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Can truck companies be held responsible for truck accidents?

Many truck accidents are devastating affairs. When one of these behemoths crashes into a smaller automobile, it is usually the smaller automobile and the occupants inside that suffer the worst. When this happens, it is important to hold the right parties responsible. Of course, the driver of the truck may be responsible for the accident, but in some cases the truck company may also be held liable.

This may be possible through a legal concept known as "respondeat superior." Under respondeat superior employers can be held liable for their employee's negligence if the negligent acts occurred during the course of the worker's employment. This means that the act needs to be either approved by the employer, or the act needs to be one that is so close in nature to an approved act that the employer should face liability.

Of course, it is important to understand the distinction between acts undertaken by a worker that lead to a job-related accident and acts that are actually not related to the worker's employment at all. Courts refer to this distinction as either a "detour" or a "frolic." A detour is an act that is so close to an employer's instructions that the employer should face liability. For example, if a worker is given a company cell phone to use while driving on the job, the employer may be liable for subsequent accidents. A frolic occurs when the worker is not following his or her employer's instructions, for example, using a company car for a personal purpose, like going to a party. The employer may not be responsible in these situations.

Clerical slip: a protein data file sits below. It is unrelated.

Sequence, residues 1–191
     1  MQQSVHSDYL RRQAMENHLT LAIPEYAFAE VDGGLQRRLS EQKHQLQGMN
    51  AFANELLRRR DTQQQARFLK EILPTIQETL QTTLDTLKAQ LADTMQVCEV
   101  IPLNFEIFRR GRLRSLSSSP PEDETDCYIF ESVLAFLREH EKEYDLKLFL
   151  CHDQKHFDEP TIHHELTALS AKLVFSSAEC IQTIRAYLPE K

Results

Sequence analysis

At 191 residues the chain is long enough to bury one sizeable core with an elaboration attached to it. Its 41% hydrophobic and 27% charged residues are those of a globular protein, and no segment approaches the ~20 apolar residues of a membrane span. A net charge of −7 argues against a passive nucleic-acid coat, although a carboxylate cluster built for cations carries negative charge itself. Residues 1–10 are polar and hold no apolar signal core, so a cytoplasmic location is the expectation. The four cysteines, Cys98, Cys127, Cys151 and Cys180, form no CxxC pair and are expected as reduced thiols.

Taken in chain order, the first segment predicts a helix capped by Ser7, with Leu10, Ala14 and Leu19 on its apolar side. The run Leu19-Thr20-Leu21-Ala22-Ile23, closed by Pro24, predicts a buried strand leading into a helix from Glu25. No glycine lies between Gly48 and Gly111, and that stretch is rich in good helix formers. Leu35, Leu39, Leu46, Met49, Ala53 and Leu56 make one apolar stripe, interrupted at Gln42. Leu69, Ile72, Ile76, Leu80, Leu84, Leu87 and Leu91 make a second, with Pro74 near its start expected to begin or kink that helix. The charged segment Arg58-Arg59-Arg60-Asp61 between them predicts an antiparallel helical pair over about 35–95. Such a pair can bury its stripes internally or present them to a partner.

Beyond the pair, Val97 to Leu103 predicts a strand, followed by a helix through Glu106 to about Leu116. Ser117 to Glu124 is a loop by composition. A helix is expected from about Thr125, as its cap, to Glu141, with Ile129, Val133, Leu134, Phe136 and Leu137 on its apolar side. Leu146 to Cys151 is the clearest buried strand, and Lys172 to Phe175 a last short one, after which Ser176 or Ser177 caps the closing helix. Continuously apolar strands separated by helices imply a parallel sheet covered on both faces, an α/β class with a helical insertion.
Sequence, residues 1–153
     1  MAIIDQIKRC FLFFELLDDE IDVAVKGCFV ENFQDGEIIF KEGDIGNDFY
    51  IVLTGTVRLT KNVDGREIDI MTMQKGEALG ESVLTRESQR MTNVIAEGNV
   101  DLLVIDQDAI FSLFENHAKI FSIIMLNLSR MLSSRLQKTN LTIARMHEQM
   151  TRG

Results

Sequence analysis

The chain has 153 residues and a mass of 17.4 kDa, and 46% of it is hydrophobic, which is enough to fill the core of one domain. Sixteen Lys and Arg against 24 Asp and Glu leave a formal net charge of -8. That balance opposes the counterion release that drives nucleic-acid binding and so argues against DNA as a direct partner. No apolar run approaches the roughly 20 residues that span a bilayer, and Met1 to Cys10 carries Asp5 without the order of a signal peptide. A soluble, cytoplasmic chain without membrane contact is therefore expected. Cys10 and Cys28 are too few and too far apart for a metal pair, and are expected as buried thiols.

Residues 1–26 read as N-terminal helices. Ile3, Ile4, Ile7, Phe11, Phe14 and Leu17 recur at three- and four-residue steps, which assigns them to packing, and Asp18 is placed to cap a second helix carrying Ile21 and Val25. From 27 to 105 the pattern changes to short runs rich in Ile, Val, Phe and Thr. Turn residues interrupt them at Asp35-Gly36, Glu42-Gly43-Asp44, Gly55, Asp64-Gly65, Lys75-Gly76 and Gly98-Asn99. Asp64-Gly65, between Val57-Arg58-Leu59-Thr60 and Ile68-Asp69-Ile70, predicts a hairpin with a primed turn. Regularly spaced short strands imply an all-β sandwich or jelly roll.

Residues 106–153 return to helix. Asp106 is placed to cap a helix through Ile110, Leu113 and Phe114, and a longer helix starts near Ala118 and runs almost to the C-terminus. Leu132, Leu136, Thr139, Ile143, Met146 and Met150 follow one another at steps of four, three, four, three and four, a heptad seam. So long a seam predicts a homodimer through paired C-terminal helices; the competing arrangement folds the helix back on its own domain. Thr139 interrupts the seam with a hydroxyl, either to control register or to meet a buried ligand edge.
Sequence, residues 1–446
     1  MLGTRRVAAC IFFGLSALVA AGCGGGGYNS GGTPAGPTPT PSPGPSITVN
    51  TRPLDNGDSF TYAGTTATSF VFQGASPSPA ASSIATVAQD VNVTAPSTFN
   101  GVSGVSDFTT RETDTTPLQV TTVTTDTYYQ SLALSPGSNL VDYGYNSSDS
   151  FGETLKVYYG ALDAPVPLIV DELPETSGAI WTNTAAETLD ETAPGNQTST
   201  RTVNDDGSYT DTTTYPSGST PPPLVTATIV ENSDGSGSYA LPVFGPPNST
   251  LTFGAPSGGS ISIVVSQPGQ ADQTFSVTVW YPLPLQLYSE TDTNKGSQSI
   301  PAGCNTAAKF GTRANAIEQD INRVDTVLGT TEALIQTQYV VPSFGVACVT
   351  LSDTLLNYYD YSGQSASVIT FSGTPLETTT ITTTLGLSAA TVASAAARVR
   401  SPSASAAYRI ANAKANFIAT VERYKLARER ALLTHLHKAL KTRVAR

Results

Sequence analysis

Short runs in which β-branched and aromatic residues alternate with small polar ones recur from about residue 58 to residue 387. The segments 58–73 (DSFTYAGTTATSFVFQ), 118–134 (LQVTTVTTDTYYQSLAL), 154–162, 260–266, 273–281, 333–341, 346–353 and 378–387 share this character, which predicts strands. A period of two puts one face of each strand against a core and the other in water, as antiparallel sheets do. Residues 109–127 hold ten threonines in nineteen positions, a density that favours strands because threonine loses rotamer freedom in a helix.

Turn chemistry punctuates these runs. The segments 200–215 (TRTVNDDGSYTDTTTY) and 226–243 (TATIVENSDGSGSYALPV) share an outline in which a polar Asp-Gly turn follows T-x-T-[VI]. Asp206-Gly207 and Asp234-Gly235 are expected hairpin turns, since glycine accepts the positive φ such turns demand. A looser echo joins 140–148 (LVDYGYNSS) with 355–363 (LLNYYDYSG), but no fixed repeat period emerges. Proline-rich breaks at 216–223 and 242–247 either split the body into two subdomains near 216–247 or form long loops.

When it comes to truck accidents, it is important to establish an employer-employee relationship in order to hold a truck company responsible through respondeat superior. If the driver of the truck is not an employee, but instead is an independent contractor, this could be a problem. In the end, respondeat superior is a complex topic. This post cannot serve as the basis of a legal claim, nor does it provide legal advice. Those who want to learn more about it may want to seek the help of an attorney, so they can take the appropriate actions.

Source: FindLaw, "An Employer's Liability for Employee's Acts," accessed June 2, 2016

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